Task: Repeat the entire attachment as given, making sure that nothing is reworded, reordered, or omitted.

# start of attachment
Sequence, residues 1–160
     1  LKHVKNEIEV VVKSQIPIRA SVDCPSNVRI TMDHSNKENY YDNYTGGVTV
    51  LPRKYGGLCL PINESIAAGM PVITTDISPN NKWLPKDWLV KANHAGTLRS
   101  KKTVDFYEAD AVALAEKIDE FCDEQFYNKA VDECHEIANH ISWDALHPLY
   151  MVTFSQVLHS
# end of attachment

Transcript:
Sequence, residues 1–160
     1  LKHVKNEIEV VVKSQIPIRA SVDCPSNVRI TMDHSNKENY YDNYTGGVTV
    51  LPRKYGGLCL PINESIAAGM PVITTDISPN NKWLPKDWLV KANHAGTLRS
   101  KKTVDFYEAD AVALAEKIDE FCDEQFYNKA VDECHEIANH ISWDALHPLY
   151  MVTFSQVLHS